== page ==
Even more ridiculously,
individual books seem to be counted as applications too.
Someone publishes their book in electronic format and sells it
through Apple's app store and it is counted as an app.
So while Apple boasts a huge
number of applications, the actual number of bona fide real programs that you might want to install on your phone reduces
100 great, 1000 good, and
100,000 useless programs?
Most of us can probably end
up with somewhere between 50 and 100 useful applications that
appeal to us that we choose to add to our iPhone. These
are apps that will help us in some way or another better organize
and control our lives.
And it is probably fair to
say that in addition to these 50 - 100 applications that we
might wish to install, there are a range of alternative programs
similar to the ones we choose, and other apps of lesser interest
that we choose not to use. Let's say there might be 1000
programs of some possible interest worthy of consideration in total.
Which leaves over 100,000
programs of no interest to most of us at all. Even Apple is
now starting to realize that it is no longer a good thing to
boast of all the apps available, because in truth the useless
apps are obscuring the good apps, while not adding any value at
Hopefully the balance of the
information in this article series will help you to more efficiently
track down the apps you're likely to be interested in.
Where to Buy
Almost without exception,
the only place to buy applications (and/or to download the free
applications at no cost) is either via the App Store program on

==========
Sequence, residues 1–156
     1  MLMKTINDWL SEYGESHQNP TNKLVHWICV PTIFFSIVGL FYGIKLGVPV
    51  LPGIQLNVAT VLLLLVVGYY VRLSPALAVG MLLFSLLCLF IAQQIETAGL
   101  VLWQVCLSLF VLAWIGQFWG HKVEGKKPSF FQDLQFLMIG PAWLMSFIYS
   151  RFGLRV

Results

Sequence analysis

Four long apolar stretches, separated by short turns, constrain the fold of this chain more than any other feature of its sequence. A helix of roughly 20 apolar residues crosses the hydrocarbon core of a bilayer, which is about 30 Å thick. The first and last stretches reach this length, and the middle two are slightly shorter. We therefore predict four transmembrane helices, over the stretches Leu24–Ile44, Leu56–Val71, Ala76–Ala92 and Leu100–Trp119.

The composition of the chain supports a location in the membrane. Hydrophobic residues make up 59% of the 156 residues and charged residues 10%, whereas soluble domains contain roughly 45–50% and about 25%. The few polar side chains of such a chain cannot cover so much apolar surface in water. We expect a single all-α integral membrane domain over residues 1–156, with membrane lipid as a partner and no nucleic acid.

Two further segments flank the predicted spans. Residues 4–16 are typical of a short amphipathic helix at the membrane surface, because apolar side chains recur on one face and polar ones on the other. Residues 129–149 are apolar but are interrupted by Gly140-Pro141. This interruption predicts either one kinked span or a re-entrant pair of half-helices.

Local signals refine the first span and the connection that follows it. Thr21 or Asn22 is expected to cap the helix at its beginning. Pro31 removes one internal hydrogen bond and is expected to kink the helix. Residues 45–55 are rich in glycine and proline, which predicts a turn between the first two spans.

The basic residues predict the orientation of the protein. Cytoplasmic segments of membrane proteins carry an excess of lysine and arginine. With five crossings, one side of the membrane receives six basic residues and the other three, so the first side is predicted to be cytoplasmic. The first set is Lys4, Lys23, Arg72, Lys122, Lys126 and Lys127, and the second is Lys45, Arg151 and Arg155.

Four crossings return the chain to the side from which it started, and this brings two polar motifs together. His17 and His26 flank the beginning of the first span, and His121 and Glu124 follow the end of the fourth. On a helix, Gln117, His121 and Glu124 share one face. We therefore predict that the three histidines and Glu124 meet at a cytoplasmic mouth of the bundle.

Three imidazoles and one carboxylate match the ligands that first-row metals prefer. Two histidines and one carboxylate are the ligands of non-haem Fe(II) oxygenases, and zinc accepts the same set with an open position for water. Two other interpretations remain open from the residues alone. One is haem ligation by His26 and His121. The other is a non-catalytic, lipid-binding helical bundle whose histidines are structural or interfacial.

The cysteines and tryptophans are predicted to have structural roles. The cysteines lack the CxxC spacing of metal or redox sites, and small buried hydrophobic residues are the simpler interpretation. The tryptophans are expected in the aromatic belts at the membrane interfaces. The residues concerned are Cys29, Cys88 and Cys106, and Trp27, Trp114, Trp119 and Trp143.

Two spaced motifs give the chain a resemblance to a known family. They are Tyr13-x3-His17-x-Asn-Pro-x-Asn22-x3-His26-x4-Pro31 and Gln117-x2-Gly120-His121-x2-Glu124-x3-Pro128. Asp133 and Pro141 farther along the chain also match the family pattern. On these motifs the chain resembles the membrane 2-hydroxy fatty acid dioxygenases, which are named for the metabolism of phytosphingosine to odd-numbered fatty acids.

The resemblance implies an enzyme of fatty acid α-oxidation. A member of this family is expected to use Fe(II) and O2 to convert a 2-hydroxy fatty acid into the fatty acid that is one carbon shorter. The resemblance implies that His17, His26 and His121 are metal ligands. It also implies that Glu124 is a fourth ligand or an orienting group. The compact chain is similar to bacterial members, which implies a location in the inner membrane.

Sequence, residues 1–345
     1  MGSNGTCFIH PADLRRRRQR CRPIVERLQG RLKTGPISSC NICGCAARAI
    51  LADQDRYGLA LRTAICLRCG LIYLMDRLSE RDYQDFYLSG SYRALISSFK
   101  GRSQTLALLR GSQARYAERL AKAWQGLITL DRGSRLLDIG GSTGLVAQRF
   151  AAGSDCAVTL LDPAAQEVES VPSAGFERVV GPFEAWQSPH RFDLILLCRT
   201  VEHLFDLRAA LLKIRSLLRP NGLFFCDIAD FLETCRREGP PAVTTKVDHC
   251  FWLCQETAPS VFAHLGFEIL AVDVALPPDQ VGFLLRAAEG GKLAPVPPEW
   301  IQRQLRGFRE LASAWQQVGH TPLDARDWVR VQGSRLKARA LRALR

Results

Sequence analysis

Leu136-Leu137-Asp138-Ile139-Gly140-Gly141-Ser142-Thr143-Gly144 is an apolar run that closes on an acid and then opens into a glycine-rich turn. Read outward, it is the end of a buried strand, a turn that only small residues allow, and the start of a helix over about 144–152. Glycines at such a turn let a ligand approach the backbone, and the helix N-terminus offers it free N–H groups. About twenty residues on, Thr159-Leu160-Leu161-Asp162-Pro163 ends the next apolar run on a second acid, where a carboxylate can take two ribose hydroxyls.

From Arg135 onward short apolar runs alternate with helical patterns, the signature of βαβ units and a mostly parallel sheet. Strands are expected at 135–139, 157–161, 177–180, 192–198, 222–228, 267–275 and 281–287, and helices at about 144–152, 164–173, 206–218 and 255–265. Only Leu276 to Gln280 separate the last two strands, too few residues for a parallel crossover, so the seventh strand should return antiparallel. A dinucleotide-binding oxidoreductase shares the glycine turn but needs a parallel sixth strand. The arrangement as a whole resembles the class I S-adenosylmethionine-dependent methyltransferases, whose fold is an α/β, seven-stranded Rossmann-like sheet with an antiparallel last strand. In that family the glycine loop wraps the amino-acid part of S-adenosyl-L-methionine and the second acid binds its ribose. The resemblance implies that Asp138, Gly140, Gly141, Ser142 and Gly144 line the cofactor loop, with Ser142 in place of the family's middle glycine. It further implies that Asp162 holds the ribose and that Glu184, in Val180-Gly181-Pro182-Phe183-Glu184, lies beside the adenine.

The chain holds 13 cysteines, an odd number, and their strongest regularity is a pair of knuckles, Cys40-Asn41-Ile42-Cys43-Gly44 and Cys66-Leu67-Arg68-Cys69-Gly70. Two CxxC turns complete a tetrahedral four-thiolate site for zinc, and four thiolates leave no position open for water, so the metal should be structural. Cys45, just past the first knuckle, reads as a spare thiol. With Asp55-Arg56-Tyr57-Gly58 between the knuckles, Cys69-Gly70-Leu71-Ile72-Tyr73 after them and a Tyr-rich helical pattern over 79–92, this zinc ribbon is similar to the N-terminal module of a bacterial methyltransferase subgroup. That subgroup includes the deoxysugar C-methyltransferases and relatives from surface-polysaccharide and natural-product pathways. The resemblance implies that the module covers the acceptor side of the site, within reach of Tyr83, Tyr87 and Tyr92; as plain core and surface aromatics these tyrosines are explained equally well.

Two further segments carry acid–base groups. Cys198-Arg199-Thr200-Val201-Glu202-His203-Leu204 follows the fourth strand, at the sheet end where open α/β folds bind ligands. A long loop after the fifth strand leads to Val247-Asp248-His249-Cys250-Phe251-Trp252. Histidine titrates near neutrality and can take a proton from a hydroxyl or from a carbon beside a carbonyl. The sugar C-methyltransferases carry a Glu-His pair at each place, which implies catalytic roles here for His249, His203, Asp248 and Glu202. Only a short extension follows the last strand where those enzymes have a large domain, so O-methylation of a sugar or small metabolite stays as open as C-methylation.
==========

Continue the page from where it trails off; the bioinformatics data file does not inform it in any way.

your iPhone or via the iTunes program that was probably
installed on your computer when you bought your iPhone (both
take you to the same place).
Unofficial sources of
Apple is very protective of
what it allows to be sold as an official and by implication
Apple-endorsed iPhone application. This is both good and
bad - the need to go through Apple's official review and
approval process slows down the pace of program development, and
slows down the rate at which developers can release updates and
upgrades and bug fixes, too.
On the other hand, Apple
does exercise a very small modicum of quality control, and you
can be slightly reassured by this - there is less of a chance
that a 'rogue' application will turn out to be a 'trojan'
program that takes over your phone, sends all your personal data
to someone else, and generally does bad things.
Apple is very conservative
as to what applications it approves, and some developers with
edgier sorts of products that Apple will not approve, and/or
some developers impatient with the constraints and controls of
Apple's approval process have chosen to release unapproved
applications for the iPhone.
These naturally can't be
found in the official Apple iTunes store. Instead, there
are some other
sources of unofficial programs that can only be used if your
iPhone has been 'jail broken' (the first part of the unlocking
process). We provide
unlocking services ourselves, as do many other places on the
You can find out more about
these unofficial applications
here. Approach them with caution.
This article is continued in
the next article in this series,
Adding Applications to your iPhone.
Part of a series on the Apple iPhone - please
also visit the other articles listed at the
top on the right
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4 Dec 2009, last update
28 May 2011
You may freely reproduce or distribute this article for noncommercial purposes as long as you give credit to me as original writer.